|NMU||NEW YORK||Secret Courts||Apr 30, 2002|
Online access to state court records comes under scrutiny
- The state high court commissioned a panel, led by noted First Amendment attorney Floyd Abrams, to examine privacy concerns raised as a result of court files being made available online.
The New York Court of Appeals, the state’s highest court, announced on April 24 the creation of a commission that will weigh the costs and benefits of having court records posted on the Internet.
Chief Judge Judith S. Kaye said First Amendment attorney Floyd Abrams, whose past clients include The New York Times, CNN and other major news organizations, will chair the 22-member Commission on Public Access to Court Records.
The panel was appointed in response to the posting of court dates and selected orders and decisions on the state’s Office of Court Administration Web site. This has caused some to question the dangers such access poses to people’s privacy as more and more court documents become accessible to a worldwide audience via the Internet.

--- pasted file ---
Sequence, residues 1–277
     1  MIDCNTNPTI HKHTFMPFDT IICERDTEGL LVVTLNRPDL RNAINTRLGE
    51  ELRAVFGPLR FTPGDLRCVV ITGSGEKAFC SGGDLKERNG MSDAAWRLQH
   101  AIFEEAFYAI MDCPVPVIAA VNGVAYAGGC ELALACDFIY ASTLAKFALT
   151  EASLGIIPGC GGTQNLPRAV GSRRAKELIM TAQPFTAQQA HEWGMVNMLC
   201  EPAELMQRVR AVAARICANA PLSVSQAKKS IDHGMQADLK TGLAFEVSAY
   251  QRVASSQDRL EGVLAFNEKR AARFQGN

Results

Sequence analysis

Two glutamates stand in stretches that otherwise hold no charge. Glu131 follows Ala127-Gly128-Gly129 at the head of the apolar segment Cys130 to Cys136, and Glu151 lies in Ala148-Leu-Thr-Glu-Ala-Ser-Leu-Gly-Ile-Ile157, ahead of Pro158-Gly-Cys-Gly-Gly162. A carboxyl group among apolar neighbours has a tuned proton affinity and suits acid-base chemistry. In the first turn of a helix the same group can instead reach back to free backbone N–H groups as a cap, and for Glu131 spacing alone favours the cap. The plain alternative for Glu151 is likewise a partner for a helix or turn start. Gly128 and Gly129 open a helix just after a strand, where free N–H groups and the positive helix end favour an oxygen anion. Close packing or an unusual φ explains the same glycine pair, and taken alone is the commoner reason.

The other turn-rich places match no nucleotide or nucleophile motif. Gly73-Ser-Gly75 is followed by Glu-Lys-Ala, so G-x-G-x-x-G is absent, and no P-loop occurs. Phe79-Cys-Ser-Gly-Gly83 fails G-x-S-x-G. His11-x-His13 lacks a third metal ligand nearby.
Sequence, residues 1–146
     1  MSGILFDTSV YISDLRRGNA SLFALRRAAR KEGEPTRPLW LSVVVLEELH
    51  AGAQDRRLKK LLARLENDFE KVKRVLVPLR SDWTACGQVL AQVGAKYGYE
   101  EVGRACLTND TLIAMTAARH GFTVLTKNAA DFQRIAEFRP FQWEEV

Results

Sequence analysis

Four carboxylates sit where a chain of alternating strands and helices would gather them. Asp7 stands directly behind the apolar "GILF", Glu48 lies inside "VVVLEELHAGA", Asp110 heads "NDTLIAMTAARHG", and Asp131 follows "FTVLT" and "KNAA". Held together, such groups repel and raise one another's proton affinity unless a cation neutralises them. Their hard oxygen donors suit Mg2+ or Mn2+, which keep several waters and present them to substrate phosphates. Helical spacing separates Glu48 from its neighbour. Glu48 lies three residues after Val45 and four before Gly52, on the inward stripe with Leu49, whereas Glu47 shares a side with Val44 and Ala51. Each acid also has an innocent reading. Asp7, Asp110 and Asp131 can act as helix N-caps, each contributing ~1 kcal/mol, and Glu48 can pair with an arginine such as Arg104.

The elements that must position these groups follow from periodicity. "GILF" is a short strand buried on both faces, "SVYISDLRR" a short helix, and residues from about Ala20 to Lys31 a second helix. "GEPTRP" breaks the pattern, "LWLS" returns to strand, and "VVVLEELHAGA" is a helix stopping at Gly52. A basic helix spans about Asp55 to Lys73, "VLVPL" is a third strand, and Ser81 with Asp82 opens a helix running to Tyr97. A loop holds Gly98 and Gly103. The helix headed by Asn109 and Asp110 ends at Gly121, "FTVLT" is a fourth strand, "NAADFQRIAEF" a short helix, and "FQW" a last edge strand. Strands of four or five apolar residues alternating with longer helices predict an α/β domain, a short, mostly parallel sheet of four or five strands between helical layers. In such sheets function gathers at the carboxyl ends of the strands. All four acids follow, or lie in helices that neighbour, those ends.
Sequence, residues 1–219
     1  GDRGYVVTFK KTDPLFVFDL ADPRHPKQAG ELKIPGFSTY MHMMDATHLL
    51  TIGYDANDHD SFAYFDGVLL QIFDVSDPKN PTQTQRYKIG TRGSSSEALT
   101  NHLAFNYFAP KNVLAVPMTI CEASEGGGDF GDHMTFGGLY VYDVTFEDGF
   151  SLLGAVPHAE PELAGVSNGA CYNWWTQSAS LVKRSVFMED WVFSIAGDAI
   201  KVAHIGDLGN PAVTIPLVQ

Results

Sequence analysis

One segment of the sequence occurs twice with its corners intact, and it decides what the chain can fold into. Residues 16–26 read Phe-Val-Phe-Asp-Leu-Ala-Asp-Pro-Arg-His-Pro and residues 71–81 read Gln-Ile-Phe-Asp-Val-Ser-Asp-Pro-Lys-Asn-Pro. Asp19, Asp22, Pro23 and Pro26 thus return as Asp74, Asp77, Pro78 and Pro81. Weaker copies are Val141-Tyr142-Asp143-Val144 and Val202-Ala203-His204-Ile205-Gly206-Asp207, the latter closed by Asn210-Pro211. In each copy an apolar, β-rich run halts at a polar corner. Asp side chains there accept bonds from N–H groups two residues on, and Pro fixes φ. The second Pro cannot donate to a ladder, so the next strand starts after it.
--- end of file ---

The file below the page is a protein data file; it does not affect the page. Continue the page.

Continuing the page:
“We see the whole world changing over the next decade,” the New York Law Journal quoted Chief Administrative Judge Jonathan Lippman as saying. “There will be a totally new level of openness, but we don’t want to do that willy nilly.”
Abrams told the Journal that the commission will take into account a wide array of opinions after questioning judges, members of the media and others followed by public hearings.
New York’s state courts started placing decisions online two years ago. Eventually, all of the state’s 62 counties began putting some information about civil cases on the Web.
While no firm date has been set, the commission is expected to release its report by next year.
© 2002 The Reporters Committee for Freedom of the Press